Feeling as though they had no other recourse, at around 6am on October 6, community members from the Barriere Lake reserve blockaded Highway 117 in a last-ditch effort to get their message heard to implement an already-signed trilateral agreement.

The agreement, a 1991 deal between the federal and provincial governments and the Algonquins of Barriere Lake, was supposed to see integrated resource sharing on and environmental protection for the reserve’s 10,000 km2 traditional territories.

That morning a crowd of approximately 75 community members, including 44 children, along with 20 non-Native supporters, set up a barricade on the 117 near Grand-Remous, where the highway joins du Lac Rapide Road in La Verandrye wildlife reserve.

The peaceful protestors placed themselves between a barricade of logs and a series of manned lock boxes, devices comprised of 50-gallon barrels filled with heavy materials and PVC tubes that the protestors locked their arms into using an internal mechanism.

“I was hoping that there was going to be a peaceful resolution,” said Joel Klassen from the Aboriginal Justice Team for the Christian Peacemaker Teams, a non-partial observer team that was called in to observe the blockade for human-rights violations.

The protesters communicated with the police, made their demands to communicate with the government about the implementation of the agreement and then let the police know that they had no intention of leaving without communicating with the government.

Canada’s response to the protest however came in the form of brute force as a brigade of 60 Surete du Quebec armoured riot police were sent in to dismantle the barricade. As soon as the media who were there to cover the protest moved away from the barricade, the squad moved in.

As the riot squad made their formation, tear gas was launched into the crowd with one can hitting a handicapped 17-year-old girl in the chest. As the squad advanced, the protestors retreated from the road into the Barriere Lake reserve. According to Klassen, the police were very quick to deploy the gas on the crowd, despite the fact that there were a large number of children and Elders present, a tactic that has the CPT organization very concerned.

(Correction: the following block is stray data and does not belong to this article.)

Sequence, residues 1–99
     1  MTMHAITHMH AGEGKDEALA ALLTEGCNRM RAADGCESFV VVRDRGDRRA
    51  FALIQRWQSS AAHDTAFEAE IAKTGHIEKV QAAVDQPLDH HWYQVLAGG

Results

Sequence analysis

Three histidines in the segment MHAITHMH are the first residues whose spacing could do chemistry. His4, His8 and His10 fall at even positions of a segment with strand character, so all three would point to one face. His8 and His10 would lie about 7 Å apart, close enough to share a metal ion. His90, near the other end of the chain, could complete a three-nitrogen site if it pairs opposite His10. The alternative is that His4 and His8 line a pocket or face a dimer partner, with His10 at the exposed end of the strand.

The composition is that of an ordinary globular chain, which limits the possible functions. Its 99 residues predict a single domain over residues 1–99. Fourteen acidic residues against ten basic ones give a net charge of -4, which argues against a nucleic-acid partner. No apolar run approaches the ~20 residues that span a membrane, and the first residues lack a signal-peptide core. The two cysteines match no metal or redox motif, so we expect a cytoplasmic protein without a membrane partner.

Then, to remove the individuals manning the lock boxes, the riot squad officers used pain-compliance techniques.

“I could see them holding the heads of those people from behind and you could tell that it looked very painful what they were doing. At a later point they put blankets over the heads of some of these people so it could not be seen what was being done to them. It reminded me of Abu Gharaib,” said Klassen.

In the meantime, the children present were witness to the apparent torture techniques being used by the riot squad.

By 4:30pm the barricade was down and access to the reserve and the nearby forestry companies was restored.

According to Michel Thusky, community spokesperson for Barriere Lake, “We had no other choice to erect the barricade despite the many attempts and efforts to get the federal and provincial governments to honour their agreements with our community and to respect our customary leadership.”

Though the community and both governments signed the agreement in 1991, Thusky is claiming that “government meddling” has prevented the implementation of the deal by ignoring the reserve’s customary leadership and siding with smaller faction leadership groups from outside of the reserve.

In 1996, the small faction group, with the support of Indian and Northern Affairs, collected signatures for a petition to take over the reserve’s leadership via selection by petition. The faction group, who were then banned from the reserve, let the agreement, which would have seen revenue sharing from the multi-billion dollar forestry for the community, fall to the wayside.

In 1997, Barriere Lake’s customary leadership was restored by Quebec Superior Court Judge Rejean Paul, though Thusky said that this was by no means the end of government meddling. In 2001, the government pulled out of the trilateral agreement again and began to favour minority groups within the community. Though Paul mitigated again in 2007, concluding that the opposition to the leadership was small, the same faction groups conducted another leadership selection in January 2008, this time garnering government recognition.

All the while, those in Barriere Lake have suffered tremendously, subsisting without sufficient government transfers and without hydro electricity, a provision that the trilateral agreement would have also made possible. The living conditions within the reserve have frequently been compared to that of the developing world.

“My father told me not forget my identity, to speak our language on our land and respect the land and the wildlife on it,” said Thusky who is looking for nothing more than to ensure the survival of his people.

Neither during nor since the dismantling of the barricade have the people of Barriere Lake received their desired communication with the government in regards to the implementation of the trilateral agreement.